-loss of coordination in your arms and legs
    -changes in thinking or memory
    -changes in your personality
  • Tuberculosis (TB). TB is caused by an infection in the lungs. Before starting treatment with Uplizna, your healthcare provider will check to see if you are at risk for getting TB or have ever had TB.
  • Vaccinations. Certain vaccines, called “live” or “live attenuated” vaccines, are not recommended in people receiving Uplizna. Talk to your healthcare provider before receiving any vaccinations. If you have a baby and you were receiving Uplizna during pregnancy, it is important to tell your baby’s healthcare provider about your Uplizna use so they can decide when your baby should receive any vaccine.

See “What are the possible side effects of Uplizna?” for more information about side effects.

How will I receive Uplizna?

  • Uplizna is given through a needle placed in a vein (IV or intravenous infusion) in your arm.
  • Before treatment with Uplizna, your healthcare provider will give you a corticosteroid medicine, an antihistamine, and a fever prevention medicine to help infusion reactions become less frequent and less severe. See “What is the most important information I should know about Uplizna?”
  • Your first dose of Uplizna will be given as 2 separate infusions, 2 weeks apart.
  • Your next doses of Uplizna will be given as one infusion every 6 months.
  • Each infusion will last about 1 hour and 30 minutes. After each infusion, you will be monitored by a healthcare provider for at least 1 hour.

What are the possible side effects of Uplizna?

Uplizna may cause serious side effects, including:

  • See “What is the most important information I should know about Uplizna?”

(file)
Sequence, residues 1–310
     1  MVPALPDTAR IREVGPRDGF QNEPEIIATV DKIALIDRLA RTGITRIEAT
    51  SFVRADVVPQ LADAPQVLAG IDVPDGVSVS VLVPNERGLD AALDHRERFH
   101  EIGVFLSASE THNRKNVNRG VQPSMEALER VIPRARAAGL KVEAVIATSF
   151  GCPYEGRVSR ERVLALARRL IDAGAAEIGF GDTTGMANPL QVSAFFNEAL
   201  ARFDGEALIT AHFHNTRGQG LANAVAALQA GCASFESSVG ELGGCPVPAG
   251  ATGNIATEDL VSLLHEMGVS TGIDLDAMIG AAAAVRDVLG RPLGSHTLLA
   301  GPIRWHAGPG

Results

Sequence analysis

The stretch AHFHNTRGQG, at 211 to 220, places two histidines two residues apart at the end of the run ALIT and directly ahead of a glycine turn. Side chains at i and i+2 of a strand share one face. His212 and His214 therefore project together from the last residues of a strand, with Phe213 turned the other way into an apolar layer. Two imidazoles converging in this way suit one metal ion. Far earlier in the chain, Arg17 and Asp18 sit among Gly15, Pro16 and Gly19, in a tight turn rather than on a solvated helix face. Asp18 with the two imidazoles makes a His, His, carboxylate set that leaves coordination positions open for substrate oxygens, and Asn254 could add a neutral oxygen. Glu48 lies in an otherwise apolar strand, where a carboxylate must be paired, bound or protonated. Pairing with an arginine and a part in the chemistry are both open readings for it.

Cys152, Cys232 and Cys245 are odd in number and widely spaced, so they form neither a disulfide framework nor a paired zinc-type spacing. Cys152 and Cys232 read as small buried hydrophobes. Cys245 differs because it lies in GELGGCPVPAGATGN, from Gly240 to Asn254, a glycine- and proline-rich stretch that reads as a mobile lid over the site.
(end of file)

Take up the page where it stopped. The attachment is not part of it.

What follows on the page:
• low blood cell counts. Uplizna may cause a decrease in some types of blood cells. Your healthcare provider will do blood tests to check your blood cell counts.

The most common side effects include urinary tract infection and joint pain. These are not all the possible side effects of Uplizna.

Call your doctor for medical advice about side effects. You may report side effects to the FDA at 1-800-FDA-1088.

For more information and the full Prescribing Information, visit

[1] Hamid SHM, et al. What proportion of AQP4-IgG-negative NMO spectrum disorder patients are MOG-IgG positive? A cross sectional study of 132 patients. J Neurol. 2017;64(10):2088–2094.

[2] Mealy MA, Wingerchuk DM, Greenberg BM, Levy M. Epidemiology of Neuromyelitis Optica in the United States. Arch Neurol. 2012;69(9):1176-1180.

[3] Wingerchuk DM. J Neurol Sci. 2009;286(1-2):18-23).

[4] Flanagan EP, et al. Epidemiology of aquaporin-4 autoimmunity and neuromyelitis optica spectrum. Ann Neurol. 2016;79(5):775-783.

[5] Beekman, J, et al. Neuromyelitis optica spectrum disorder: patient experience and quality of life. Neurol Neuroimmunol Neuroinflamm, 2019;6(4).

[6] Neuromyelitis optica spectrum disorder. Retrieved from:

[7] Eaneff S, et al. Patient perspectives on neuromyelitis optica spectrum disorders: Data from the Patients Like Me online community. Mult Scler Relat Disord, 2017;17:116-122.

[8] Wingerchuk DM, et al. International consensus diagnostic criteria for neuromyelitis optica spectrum disorders. Neurology, 2015;85(2):177-1.